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Last Updated on 2 weeks by AllinAllSpace

The idea of Universal Basic Income continues to get the attention of policymakers and the general public. It’s impossible to ignore the benefits, as well as the flaws of the basic income theory which was first suggested by Sir Thomas Mor in the book ‘Utopia’, and was never implemented in a society, or at least not in an organized/governmental society.

Basic Income Economy – How does it work?

The primary rule of the economic system is to keep the economy’s wheels turning, meaning those who are in charge must find ways to stimulate the economic system and economic cycle. Here’s the first basic income debate: The capitalistic approach supports stimulating the economy by those who are in power and wealthy enough to create and implement new businesses and ideas. They will pour down the capital and keep the wheels turning.

Basic income can be described as the opposite. Instead of offering benefits and subsidies to those who already have enough fortune (or similarly, creating wealthy individuals like Russia following the fall of the Soviet Union), the universal basic income model can stimulate the economy from a different angle. Most people earn an average income or below and struggle to end the month with their head above water – the economy creates a balance between the salary and the estimated monthly expenses, although in some places across the globe, the equation is just not working.

Therefore, the idea of basic income is undoubtedly realistic and can work – Most people who would receive a basic income will spend the amount on their basic necessities such as food, electricity, bills, clothing, etc and consequently stimulate the economic cycle.

Universal basic income does have some principles and can be implemented in many different ways, similar to different taxes or employment rights in each country.

Universal Basic Income – Pros and Cons 

Well, the universal basic income is kind of a riddle. The theory must be tested before we can conclude the benefits or the downsides, and be tested, I don’t mean like the test in Finland but the actual implementation of the theory for a number of years with the full agreement of the government and the citizens.

Yet, if we can predict the implications of universal basic income in a society, whether it’s regional or global, then here are the pros and cons:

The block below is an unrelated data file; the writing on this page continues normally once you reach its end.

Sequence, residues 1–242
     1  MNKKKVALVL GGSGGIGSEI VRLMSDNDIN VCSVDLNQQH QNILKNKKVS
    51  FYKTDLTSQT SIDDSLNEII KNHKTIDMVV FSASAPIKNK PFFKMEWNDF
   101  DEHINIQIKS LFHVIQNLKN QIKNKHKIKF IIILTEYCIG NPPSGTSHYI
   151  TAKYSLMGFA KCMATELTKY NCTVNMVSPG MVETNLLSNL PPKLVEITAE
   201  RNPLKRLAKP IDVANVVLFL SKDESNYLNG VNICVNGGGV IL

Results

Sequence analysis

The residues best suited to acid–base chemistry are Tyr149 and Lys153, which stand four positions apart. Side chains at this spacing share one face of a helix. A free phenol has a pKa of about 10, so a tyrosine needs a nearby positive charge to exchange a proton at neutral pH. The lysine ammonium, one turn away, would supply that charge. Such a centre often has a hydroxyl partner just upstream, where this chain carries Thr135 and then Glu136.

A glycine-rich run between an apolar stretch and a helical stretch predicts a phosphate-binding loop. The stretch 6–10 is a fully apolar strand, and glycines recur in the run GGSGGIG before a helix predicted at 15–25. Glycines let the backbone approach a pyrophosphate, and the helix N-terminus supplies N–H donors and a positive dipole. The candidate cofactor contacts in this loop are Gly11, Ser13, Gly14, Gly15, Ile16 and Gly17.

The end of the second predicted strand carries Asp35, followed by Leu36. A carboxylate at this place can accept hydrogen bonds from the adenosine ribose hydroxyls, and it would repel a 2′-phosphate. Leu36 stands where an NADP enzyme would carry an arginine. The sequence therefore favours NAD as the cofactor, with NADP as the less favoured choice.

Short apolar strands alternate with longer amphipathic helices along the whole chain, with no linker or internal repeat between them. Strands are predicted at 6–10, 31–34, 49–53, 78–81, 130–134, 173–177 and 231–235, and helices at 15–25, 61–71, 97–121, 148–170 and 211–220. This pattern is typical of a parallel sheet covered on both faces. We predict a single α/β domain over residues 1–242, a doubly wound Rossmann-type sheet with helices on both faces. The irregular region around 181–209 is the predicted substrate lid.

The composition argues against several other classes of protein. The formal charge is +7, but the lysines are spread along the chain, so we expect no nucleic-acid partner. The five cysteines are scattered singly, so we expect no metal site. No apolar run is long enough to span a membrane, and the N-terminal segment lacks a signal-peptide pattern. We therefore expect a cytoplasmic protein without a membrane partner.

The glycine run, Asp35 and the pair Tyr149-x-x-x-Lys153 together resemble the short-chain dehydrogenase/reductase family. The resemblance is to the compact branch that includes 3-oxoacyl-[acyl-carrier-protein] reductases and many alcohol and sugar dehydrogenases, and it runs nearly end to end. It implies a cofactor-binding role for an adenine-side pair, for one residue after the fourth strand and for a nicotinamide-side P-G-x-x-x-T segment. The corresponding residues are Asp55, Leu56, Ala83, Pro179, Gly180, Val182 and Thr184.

• Reduce economic inequality and expand the middle class
  • Provide citizens with security and freedom
  • Can improve global health
  • Can increase the development of a sustainable economic cycle, particularly in times of economic crisis


  • Reduce incentive to work
  • High cost, very expensive – Not sure if it is possible to implement
  • It might reduce competition and slow down economic/technological progress

Yea, Yea, Finland

The universal basic income experiment in Finland – What a strange experiment. One would say it had good results, the other would say different, and to be honest, the experiment as it was designed was a bit confusing. A group of 2000 unemployed Finns (the theory applies to all citizens, unconditional, employed, and unemployed) with so many problems and unrealistic terms. Can you really test universal basic income for a small group in a society for a limited period of time? Not sure.

In a way, it’s very similar to communism which was never implemented correctly as a social/economic system (communism works well in many other forms of an organized society like a kibbutz in Israel).

You can find here the preliminary results of the universal basic income experiment in Finland. However, the experiment has no absolute conclusion to support or reject the model.

Final thought

Perhaps some adjustments must be adopted before the full implementation of the theory. The UBI has some flaws and unreasonable rules that might harm the economic system rather than improve it. For example, universal basic income is unconditional and automatic, meaning it’s a basic payment for all citizens. Can you imagine Jeff Bezos getting a monthly payment of $650?

UBI is the antithesis of the capitalistic and neo-liberalism approaches. Morally, the theory has many flaws, however, liberalism and capitalism also require the adoption of immoral acceptances. Forget about the experiments in Finland, India, Canada, and Iran, those are made just to prepare us for the real thing when it happens. Those experiments can’t teach us the actual benefits and flaws of the model.

You can justify arguing for the success of UBI as the model rejects many ideals that our current society promotes. Competition, hard work, and free economy have proven progress in technology, economy, and global wealth. Yet, the notion of universal basic income for individuals does liberate our mind and can provide humans and society with freedom and appreciation for others. Same as any other economic/social model, morals, ethics, and citizens’ acceptance should be in consideration before taking another step towards implementing the UBI model.